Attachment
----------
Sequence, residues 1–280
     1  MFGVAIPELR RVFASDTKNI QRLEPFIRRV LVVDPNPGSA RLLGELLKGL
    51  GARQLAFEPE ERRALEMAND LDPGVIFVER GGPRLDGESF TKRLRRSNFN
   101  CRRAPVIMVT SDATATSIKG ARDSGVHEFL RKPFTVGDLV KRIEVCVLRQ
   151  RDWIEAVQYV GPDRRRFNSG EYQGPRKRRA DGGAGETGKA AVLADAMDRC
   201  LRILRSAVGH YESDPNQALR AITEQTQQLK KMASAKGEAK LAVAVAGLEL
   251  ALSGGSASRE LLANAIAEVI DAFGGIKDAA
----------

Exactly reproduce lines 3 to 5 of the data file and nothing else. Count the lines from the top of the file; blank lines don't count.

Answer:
    51  GARQLAFEPE ERRALEMAND LDPGVIFVER GGPRLDGESF TKRLRRSNFN
   101  CRRAPVIMVT SDATATSIKG ARDSGVHEFL RKPFTVGDLV KRIEVCVLRQ
   151  RDWIEAVQYV GPDRRRFNSG EYQGPRKRRA DGGAGETGKA AVLADAMDRC